Sen. Cruz made an interesting point in his opening statement, and then came back to it during his grilling of Koskinen. He pointed out that the current scandal, in which executives of the IRS made the decision to target the President’s political opponents for audits and other forms of harassment, bore a striking resemblance to what President Richard Nixon wanted to do during his presidency. The difference, Cruz noted, was that when President Nixon tried it four decades ago, the professionals at the IRS refused to go along with it.
For any of you who had a chance to watch the hearing and saw the exchange between Sen. Sheldon Whitehouse of RI and Jenny Beth, allow me to finish the story.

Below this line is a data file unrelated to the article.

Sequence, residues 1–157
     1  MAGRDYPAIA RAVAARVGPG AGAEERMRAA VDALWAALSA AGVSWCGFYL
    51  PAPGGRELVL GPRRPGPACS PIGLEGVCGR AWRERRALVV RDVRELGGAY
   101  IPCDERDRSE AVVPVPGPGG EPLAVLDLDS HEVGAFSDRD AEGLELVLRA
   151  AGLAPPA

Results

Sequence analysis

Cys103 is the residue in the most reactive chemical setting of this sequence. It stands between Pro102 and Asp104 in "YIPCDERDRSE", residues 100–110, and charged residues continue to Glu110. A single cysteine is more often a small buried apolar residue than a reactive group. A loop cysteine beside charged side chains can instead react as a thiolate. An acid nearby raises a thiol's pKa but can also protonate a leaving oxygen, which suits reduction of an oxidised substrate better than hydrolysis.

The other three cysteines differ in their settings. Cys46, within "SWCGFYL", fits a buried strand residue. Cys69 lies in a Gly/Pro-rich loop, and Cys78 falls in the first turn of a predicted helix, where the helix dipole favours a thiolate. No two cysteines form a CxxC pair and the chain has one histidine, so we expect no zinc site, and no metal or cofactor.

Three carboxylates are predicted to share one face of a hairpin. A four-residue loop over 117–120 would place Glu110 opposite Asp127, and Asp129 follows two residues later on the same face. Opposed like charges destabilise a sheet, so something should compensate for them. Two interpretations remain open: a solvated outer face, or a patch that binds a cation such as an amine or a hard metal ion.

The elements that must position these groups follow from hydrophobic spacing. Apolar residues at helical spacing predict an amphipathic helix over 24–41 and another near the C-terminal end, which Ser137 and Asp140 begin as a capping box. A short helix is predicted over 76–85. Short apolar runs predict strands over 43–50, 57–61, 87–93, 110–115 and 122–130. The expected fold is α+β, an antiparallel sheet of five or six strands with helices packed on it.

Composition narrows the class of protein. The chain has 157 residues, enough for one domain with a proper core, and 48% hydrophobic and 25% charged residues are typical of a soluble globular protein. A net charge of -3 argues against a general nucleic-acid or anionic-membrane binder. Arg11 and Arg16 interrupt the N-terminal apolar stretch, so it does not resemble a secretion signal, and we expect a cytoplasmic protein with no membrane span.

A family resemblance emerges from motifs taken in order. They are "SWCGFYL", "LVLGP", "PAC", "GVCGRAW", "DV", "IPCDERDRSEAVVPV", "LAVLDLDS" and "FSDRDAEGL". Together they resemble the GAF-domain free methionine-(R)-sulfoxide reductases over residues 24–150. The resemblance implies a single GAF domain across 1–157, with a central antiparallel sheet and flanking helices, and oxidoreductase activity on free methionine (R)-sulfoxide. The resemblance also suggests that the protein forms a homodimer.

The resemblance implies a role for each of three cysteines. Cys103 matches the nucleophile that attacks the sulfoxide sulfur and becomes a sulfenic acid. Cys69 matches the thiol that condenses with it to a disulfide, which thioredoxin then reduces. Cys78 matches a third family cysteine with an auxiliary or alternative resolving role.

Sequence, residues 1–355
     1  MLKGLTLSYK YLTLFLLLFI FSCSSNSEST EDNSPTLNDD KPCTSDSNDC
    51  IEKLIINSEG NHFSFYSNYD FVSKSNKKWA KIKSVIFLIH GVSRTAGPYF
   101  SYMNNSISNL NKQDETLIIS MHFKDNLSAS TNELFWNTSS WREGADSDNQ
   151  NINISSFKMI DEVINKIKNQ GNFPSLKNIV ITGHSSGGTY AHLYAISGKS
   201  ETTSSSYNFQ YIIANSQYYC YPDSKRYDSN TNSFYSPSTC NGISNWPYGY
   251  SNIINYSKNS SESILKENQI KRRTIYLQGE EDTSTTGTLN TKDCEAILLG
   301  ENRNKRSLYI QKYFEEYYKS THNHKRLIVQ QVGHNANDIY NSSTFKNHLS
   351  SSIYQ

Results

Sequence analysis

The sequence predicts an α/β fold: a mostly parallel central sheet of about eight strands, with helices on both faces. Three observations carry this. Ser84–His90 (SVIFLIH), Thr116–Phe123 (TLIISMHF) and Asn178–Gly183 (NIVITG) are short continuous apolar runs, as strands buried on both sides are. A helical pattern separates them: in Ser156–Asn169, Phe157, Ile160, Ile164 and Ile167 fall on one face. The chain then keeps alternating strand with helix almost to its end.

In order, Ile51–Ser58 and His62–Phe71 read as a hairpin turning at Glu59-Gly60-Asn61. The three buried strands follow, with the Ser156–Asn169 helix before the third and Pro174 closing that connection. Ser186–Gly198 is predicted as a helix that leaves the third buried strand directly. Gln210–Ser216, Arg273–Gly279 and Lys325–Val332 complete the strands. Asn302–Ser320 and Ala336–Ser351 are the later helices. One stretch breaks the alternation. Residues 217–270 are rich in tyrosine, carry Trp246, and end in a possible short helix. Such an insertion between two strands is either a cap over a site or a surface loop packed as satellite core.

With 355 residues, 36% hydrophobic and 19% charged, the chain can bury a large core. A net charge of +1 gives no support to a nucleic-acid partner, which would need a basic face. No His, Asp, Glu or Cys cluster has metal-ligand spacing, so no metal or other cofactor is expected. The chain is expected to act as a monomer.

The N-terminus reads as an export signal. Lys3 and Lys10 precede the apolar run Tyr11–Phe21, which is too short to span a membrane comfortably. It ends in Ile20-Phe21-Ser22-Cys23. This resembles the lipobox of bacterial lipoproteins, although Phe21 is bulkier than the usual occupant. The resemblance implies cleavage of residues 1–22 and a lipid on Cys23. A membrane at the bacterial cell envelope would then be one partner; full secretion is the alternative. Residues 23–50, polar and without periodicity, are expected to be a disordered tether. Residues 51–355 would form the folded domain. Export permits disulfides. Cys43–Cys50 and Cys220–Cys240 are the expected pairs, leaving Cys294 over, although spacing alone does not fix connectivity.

Sen. Whitehouse was one of the Senate Democrats who was writing letters to IRS officials in the fall of 2010, urging them to target the President’s political opponents. During Wednesday’s hearing, he tried to set up Jenny Beth for a perjury rap, or for some other criminal charge. He focused on the IRS forms TPP had filled out when applying for its 501(C)(4) status. On those forms, there’s a question that asks if the applicant intends to engage in political activity. He asked if TPP had answered, “Yes,” and Jenny Beth confirmed that the answer submitted was, in fact, “Yes.” Then he brought out an article from Forbes.com from November of 2014 in which the author criticized Tea Party Patriots. And Sen. Whitehouse then quoted from the article, which itself quoted from two emails sent over Jenny Beth’s signature – one from TPP that talked about soliciting funds to support grassroots efforts to fire Harry Reid, and a second one from TPPCF soliciting funds to defeat Kay Hagan and Bruce Braley, who were then running for the Senate. Sen. Whitehouse, apparently believing both these emails to be from TPP (despite the very first sentence of the article from which he quoted, where the author describes Jenny Beth as “Chairman of the Tea Party Patriots Citizens Fund”) asked how the quoted text in these emails squared with TPP’s declaration that it would not engage in political activity.